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Monday, August 23, 2004

The Cost of War

The price of war is ultimately incalculable on a human scale. Body counts say nothing at all of the cost to individuals, families, communities. Heartbreaking stories abound. From This Is Rumor Control:

If you ask Marine Lance Corporal Jeffrey Lucey's mother what happened, she will tell you that her son died in Iraq. He wasn't physically dead yet, but when Jeffrey came back from the war a year ago, he just wasn't the same; some fundamental part of him got left behind. Noisy demons followed him everywhere.

There was no respite from the accusatory chatter in his head, the creeping sense of impending doom, the hopelessness that invaded every hour in a relentless march of endless days. Sometimes he would drink himself into unconsciousness, but even sleep was no safe haven.

On June 22 at about 6:45 in the evening, Jeffrey Lucey's father discovered him hanging in the basement cellar, his neck encircled by a noose fashioned from a garden hose. Jeffrey left three suicide notes, one of them, a practice version his father thinks, was found tucked behind the television set.

"Dear mom and dad, I can not express my apologies in words for the pain I have caused you but I beg for your forgiveness. I want you to know that I loved you both and still do but the pain of life was too much for me to deal with. Again, I beg of you not to blame yourself because I lived a happy childhood and a great life thanks to you. Unfortunately I am weak and cannot deal with the emotional pain. It feels as if I lost the most important part of my life that will ever exist."

Jeffrey spent 5 months in Iraq with the 6th Motor Transport Battalion and came home safe and sound, his parents thought, in July of 2003. But in his journal Jeffrey was "writing down how he saw dead people, not dead soldiers," says Mr. Lucey. "Somebody at Camp Pendleton said, 'if you keep talking like that, you'll not be able to go back home. You'll have to stay here from two to four months.'" His sister's wedding was coming up, so on the debriefing questionnaire beside the box that asked if psychiatric help was needed, Jeffrey ticked "no". He just wanted to go home.

Soon after Jeffrey got back people started noticing that something was wrong. One friend who'd known him since high school, an active-duty Marine who'd served with him in Iraq put it this way "His attitude changed, we used to play a lot of sports before and then after Iraq I'd call him and say do you want to shoot some hoops or something and he never would."

He refused to take off the dogtags that he wore around his neck, tags he said he taken from two Iraqi soldiers. Jeffrey told his father he'd been ordered to shoot the two unarmed men at close range. "Jeff had described how his gun was shaking and he looked at the eyes of one of the men and he thought, God this is someone's son, he could be somebody's father." says Kevin Lucey. Then, as Jeffrey told it, someone shouted "pull the fucking trigger Lucey". Later, back home, he told his sister he felt like a murderer.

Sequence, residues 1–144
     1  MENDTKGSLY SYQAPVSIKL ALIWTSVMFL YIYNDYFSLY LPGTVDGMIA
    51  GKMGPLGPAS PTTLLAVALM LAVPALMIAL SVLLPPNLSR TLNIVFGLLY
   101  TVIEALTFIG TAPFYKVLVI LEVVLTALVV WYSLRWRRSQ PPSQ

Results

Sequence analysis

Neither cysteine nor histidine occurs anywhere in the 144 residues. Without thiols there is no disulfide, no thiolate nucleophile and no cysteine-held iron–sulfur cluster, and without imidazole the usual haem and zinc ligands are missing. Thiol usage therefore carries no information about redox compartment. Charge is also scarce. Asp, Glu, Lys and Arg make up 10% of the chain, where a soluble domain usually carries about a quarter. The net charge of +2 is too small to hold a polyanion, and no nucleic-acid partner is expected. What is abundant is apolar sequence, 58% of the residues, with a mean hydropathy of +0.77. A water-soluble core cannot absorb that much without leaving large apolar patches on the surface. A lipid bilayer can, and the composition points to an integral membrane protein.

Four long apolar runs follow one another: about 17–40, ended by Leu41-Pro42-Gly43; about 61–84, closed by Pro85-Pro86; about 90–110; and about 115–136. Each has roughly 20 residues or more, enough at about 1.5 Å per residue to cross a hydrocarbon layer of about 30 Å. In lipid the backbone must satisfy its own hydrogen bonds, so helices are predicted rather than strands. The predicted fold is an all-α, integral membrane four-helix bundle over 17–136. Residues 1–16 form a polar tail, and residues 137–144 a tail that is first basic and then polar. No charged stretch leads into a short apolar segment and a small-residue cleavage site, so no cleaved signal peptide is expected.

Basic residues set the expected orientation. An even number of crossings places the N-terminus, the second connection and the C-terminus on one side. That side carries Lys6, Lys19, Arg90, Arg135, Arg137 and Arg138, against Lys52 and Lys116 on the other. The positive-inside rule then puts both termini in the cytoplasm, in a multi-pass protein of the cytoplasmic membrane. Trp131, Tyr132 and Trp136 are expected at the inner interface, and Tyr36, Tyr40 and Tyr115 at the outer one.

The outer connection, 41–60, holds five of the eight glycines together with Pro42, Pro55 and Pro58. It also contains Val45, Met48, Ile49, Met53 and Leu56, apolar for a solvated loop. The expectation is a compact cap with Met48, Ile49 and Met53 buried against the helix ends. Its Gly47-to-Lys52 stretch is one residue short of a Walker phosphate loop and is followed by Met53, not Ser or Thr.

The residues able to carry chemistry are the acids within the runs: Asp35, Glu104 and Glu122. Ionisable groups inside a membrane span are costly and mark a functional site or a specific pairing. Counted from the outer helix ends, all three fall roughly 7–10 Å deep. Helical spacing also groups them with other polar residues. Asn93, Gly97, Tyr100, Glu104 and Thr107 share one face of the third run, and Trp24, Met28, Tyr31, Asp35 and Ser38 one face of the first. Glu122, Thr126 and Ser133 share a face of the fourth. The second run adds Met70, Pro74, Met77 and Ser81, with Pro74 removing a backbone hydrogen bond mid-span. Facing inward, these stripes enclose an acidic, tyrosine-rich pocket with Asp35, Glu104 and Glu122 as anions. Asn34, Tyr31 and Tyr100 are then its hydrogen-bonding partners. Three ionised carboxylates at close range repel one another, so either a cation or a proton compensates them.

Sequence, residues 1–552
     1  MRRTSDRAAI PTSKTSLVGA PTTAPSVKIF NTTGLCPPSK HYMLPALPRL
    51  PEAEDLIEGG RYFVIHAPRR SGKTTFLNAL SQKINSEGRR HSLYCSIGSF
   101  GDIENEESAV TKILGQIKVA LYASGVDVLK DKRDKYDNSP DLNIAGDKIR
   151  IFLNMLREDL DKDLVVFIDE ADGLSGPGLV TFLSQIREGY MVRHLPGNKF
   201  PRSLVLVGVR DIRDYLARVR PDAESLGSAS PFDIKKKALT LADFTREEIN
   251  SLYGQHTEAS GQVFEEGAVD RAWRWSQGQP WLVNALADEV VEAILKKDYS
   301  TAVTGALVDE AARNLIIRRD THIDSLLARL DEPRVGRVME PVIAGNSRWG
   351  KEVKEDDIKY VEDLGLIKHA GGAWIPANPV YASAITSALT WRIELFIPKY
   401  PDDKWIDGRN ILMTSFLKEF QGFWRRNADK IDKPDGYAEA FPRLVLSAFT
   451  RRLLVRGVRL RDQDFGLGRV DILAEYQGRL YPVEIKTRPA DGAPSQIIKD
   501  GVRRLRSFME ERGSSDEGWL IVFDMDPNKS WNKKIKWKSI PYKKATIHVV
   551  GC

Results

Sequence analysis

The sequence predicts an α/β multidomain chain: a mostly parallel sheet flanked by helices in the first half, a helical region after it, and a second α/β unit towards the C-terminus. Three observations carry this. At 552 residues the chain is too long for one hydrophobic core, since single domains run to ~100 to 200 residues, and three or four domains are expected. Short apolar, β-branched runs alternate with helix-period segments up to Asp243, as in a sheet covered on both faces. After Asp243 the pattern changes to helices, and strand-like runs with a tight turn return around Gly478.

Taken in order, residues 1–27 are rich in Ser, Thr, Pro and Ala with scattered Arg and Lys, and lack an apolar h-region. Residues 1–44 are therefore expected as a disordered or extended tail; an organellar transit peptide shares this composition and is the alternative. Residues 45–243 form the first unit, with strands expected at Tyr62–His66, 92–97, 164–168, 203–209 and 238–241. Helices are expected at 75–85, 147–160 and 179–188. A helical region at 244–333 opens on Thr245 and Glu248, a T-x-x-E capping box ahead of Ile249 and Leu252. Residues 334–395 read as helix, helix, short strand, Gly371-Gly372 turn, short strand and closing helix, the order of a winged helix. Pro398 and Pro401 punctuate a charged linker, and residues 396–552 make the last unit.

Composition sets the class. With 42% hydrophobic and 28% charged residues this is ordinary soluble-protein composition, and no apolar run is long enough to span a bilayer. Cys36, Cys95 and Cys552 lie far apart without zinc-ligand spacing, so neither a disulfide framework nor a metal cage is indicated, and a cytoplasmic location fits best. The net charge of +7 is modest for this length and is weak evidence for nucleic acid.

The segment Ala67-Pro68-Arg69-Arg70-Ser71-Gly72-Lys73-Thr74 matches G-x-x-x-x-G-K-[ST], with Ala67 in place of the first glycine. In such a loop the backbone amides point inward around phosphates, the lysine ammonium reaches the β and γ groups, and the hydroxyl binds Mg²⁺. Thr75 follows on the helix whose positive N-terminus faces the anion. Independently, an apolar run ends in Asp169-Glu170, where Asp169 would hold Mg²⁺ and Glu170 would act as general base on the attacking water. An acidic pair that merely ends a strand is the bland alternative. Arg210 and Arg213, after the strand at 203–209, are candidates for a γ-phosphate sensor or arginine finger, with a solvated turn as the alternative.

There's more at the link above. If you can read it without breaking down, I recommend doing so. I also recommend sharing it with everyone you know.And then, go read this story at The All Spin Zone:

This past Tuesday, August 17th, four members of the New Hampshire Air National Guard returned from deployment in Iraq. Sergeants Chris Moisan, Nancy Young, Dave Guindon, and Mike Steer left for duty on February 18th, 2004, according to an article in the NHANG newsletter, The Refueler.

In the photo to the left from Wednesday's edition of the Manchester Union Leader , the four airmen appear pretty darn happy to be home. While six months in Iraq is not an extended tour (at least in terms of the length of time that many units are remaining in country) it's still a long time to be away from friends and family. So, it's not surprising that in an airport interview, Dave Guindon told a reporter:

"It feels fantastic. It's hard to explain it, it feels so good," Guindon said about being home, shortly after he arrived at Manchester Airport. "I'm just going to take today slow, wake up tomorrow, and see what it's like to be back in a normal place."

...Sharon Guindon, Dave Guindon's wife, said she was elated. While no definite plans for his return had been made yet, she said, the two plan to catch up on all the things that have happened during the past six months.

"I tell you, it's such a big relief that he's coming home," Mrs. Guindon said, adding later, "You don't realize what they go through until you have someone over there."

On Wednesday, not 24 hours after saying those words, Dave Guindon put a gun to his head and pulled the trigger.

TSgt Dave Guindon was 48 years old, and left behind his wife and two children.

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